FishNChimps thinks this sequel to the Obey the Suit viral for U.K.-based tailor Lutwyche Bespoke isn't as good as the first. We'd agree but go further and say it's absolutely horrible compared to the original. The initial one was odd, different, weird, strange and freaky. The sequel has none of that. It's flat, boring and a waste of the budget they spent creating it.
- In China, Intel employees get branded every morning with during their ritual exercises and this song.
- One Adrants readers thinks a recent Ad Week headline "Mazda N.A. Imports Marketing Exec" describing the movement of one of its employees from Japan to America is offensive. We think it's quite catchy ourselves.
- Here's a few outtakes of those kids in the Adidas World Cup 2006 Impossible Dream ads.
- If the U.S. Senate approves a constitutional amendment to prohibit flag-burning, Commercial Alert is urging U.S. Senators to define commercializing the flag as a form of desecration of the flag.
- WebAdvantage.net has released a study which queried marketers on their use of online video. Thirty percent are experienced in the medium but 63 percent of those 30 are concerned with keeping people involved with the ad.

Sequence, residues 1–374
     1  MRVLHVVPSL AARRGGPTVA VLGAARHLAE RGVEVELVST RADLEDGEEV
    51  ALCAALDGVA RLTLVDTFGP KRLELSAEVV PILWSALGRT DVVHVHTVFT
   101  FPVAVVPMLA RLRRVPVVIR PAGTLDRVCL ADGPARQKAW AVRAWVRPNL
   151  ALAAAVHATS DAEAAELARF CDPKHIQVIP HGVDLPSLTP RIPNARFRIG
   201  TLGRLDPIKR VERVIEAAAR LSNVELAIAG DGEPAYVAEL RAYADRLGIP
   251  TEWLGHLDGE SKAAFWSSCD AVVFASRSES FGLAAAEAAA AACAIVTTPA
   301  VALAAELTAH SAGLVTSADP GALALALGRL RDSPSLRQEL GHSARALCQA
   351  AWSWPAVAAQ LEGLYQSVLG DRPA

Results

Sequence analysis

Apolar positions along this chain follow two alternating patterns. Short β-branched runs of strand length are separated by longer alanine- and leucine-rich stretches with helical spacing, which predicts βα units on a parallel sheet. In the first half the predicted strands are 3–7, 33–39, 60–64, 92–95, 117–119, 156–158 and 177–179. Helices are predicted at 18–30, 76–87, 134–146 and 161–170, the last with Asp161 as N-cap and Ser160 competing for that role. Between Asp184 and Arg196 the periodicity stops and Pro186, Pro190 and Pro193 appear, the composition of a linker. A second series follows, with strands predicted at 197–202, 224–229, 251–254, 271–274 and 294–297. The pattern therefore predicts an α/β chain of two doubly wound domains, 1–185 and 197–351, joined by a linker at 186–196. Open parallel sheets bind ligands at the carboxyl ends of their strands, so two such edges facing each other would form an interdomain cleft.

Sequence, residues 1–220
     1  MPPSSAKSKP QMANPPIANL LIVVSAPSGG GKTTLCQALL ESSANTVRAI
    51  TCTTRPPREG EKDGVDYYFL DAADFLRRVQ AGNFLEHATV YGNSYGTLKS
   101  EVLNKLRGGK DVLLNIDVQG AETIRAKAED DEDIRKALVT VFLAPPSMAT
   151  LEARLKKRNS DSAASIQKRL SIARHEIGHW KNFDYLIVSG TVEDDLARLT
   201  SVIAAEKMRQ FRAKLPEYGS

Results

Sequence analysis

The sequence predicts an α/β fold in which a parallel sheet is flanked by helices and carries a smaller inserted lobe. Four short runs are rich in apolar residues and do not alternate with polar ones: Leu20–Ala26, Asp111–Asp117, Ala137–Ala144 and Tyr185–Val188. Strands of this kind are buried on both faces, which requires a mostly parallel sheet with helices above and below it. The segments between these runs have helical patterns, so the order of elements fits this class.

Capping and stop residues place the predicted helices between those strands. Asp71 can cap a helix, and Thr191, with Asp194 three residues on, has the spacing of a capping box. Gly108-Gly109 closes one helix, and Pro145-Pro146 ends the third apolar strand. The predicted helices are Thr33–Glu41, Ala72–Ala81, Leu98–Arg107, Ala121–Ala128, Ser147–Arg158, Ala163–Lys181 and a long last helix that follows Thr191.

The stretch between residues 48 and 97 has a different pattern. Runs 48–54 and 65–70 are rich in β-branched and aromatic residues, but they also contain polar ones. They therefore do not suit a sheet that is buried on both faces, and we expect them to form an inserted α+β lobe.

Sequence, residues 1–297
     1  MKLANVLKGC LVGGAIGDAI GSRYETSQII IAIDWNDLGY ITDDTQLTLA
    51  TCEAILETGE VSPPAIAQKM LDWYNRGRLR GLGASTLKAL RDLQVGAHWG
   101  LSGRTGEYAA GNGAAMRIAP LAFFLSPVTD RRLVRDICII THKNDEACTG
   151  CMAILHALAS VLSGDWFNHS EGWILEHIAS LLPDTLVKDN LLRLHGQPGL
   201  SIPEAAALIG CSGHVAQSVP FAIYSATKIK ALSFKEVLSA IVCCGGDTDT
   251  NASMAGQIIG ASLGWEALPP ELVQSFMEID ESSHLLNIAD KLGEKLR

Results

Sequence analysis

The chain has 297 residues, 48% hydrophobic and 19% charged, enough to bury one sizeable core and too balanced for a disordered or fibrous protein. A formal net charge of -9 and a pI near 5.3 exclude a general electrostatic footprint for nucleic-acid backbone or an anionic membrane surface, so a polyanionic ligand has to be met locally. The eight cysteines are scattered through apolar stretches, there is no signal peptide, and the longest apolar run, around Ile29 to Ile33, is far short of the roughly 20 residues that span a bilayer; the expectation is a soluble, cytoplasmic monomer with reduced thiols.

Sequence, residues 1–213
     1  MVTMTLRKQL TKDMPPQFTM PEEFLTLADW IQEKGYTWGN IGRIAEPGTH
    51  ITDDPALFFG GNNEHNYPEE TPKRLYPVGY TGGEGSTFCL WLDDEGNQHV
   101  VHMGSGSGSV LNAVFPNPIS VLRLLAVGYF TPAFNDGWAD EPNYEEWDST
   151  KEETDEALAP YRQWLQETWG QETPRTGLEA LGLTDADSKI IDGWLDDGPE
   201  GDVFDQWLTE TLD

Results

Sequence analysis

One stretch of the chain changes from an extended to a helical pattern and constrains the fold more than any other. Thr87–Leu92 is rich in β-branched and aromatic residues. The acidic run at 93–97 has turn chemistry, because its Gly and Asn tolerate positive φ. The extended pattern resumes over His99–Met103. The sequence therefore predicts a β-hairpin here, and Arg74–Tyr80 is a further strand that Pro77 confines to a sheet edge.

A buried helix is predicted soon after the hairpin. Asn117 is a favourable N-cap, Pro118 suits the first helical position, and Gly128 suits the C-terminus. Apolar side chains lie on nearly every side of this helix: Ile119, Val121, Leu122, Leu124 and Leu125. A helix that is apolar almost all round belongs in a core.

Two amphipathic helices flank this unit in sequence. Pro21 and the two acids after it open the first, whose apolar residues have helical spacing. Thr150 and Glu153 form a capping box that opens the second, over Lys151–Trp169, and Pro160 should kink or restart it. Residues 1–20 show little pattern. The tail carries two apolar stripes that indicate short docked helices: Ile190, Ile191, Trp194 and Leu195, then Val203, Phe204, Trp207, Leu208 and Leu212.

Does any right minded person actually think MySpace will continue to grow once it's littered with advertising, sponsorships and corporate pages born out of partnerships such as the recent deal between Seventeen and MySpace? Wasn't the genisis and the success of MySpace based on its homegrown qualities? Perhaps the guys don't mind the giant boobs on all those True models and maybe the girls will want to wallow in the importance of Seventeen's crucial editorial issues. Perhaps MySpace users will become immune to these new ad tactics like they've become immune to most other online marketing tactics and MySpace will continue to grow in size despite its commercialization. Perhaps it's all irrelevant. After all, AOL used to be where the cool kids hung out and that monstrosity is still around.